[Source: Emerging Infectious Diseases Journal, full page: (LINK). Abstract, edited.]
Novel Framework for Assessing Epidemiologic Effects of Influenza Epidemics and Pandemics
Carrie Reed, Matthew Biggerstaff, Lyn Finelli, Lisa M. Koonin, Denise Beauvais, Amra Uzicanin, Andrew Plummer, Joe Bresee, Stephen C. Redd, and Daniel B. Jernigan
Author affiliations: Author affiliation: Centers for Disease Control and Prevention, Atlanta, Georgia, USA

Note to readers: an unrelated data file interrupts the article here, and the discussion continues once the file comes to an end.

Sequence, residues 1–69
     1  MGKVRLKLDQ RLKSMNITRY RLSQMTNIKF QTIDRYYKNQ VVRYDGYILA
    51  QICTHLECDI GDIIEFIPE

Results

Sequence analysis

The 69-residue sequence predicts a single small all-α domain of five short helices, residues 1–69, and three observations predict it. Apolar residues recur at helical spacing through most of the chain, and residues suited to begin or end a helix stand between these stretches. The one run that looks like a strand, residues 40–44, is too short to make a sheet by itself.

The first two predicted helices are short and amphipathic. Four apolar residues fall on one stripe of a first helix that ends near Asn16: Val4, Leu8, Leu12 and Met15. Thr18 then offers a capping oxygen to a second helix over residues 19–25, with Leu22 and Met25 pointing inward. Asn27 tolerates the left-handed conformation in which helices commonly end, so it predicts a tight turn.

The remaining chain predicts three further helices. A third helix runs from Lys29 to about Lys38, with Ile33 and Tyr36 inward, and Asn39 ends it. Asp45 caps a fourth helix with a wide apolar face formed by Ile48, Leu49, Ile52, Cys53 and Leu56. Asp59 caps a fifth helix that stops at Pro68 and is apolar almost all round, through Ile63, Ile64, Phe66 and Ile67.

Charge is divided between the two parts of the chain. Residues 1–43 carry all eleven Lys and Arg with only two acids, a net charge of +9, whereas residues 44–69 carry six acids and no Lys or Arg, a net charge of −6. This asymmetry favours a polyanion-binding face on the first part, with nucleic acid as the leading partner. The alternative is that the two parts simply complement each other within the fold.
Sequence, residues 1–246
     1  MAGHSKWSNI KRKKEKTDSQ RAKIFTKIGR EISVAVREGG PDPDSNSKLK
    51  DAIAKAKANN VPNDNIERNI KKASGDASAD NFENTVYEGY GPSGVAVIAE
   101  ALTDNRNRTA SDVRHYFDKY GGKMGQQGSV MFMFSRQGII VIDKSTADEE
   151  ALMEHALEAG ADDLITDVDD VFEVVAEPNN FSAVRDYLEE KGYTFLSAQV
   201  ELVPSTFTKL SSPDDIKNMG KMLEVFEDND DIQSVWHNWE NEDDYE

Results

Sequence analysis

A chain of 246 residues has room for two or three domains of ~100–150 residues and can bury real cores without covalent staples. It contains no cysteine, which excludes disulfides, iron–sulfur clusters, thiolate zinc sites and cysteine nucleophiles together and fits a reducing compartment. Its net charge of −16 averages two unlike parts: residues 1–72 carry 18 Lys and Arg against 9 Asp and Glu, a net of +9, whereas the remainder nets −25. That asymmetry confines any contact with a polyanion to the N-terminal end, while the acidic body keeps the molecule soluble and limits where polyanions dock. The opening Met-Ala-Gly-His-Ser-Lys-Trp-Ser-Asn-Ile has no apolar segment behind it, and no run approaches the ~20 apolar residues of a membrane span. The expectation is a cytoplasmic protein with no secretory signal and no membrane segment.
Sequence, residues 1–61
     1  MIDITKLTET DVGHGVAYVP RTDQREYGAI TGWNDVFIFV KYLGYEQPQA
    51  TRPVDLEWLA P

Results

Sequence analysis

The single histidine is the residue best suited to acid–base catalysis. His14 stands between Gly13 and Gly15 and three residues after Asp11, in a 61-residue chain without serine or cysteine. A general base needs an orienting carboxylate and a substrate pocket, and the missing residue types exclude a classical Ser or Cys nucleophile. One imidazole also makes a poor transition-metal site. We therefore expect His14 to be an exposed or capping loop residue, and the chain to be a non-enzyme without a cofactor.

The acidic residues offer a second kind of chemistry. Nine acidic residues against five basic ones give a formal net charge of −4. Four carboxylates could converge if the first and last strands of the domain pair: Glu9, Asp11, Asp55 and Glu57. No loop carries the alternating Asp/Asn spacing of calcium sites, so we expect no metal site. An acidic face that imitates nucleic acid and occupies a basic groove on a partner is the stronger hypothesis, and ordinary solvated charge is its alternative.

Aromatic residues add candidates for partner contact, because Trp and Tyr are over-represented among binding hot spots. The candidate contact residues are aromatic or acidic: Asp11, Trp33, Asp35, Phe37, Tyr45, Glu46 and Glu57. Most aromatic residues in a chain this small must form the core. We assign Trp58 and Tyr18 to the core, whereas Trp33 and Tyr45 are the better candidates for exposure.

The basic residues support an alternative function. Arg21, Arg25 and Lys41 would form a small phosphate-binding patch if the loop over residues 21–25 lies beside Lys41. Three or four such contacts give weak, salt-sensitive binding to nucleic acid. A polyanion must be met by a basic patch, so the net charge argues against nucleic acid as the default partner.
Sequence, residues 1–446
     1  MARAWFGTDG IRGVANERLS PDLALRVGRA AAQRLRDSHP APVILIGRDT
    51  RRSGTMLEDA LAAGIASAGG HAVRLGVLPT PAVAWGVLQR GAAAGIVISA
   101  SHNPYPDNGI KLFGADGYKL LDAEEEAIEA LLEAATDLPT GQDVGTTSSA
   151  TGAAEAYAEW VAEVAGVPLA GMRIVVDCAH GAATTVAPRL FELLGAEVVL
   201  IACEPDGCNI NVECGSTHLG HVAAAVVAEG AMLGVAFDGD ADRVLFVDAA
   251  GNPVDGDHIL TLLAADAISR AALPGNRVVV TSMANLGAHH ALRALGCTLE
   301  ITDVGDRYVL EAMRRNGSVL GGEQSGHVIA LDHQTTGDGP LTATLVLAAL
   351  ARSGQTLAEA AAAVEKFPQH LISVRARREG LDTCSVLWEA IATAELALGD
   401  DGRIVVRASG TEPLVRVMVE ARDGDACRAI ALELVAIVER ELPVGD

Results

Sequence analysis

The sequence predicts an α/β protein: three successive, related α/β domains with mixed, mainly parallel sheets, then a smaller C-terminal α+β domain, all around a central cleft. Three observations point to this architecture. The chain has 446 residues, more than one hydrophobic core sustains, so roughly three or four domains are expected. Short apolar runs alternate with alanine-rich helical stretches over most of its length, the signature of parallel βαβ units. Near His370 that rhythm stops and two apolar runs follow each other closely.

The effects of influenza on a population are attributable to the clinical severity of illness and the number of persons infected, which can vary greatly between seasons or pandemics. To create a systematic framework for assessing the public health effects of an emerging pandemic, we reviewed data from past influenza seasons and pandemics to characterize severity and transmissibility (based on ranges of these measures in the United States) and outlined a formal assessment of the potential effects of a novel virus. The assessment was divided into 2 periods. Because early in a pandemic, measurement of severity and transmissibility is uncertain, we used a broad dichotomous scale in the initial assessment to divide the range of historic values. In the refined assessment, as more data became available, we categorized those values more precisely. By organizing and prioritizing data collection, this approach may inform an evidence-based assessment of pandemic effects and guide decision making.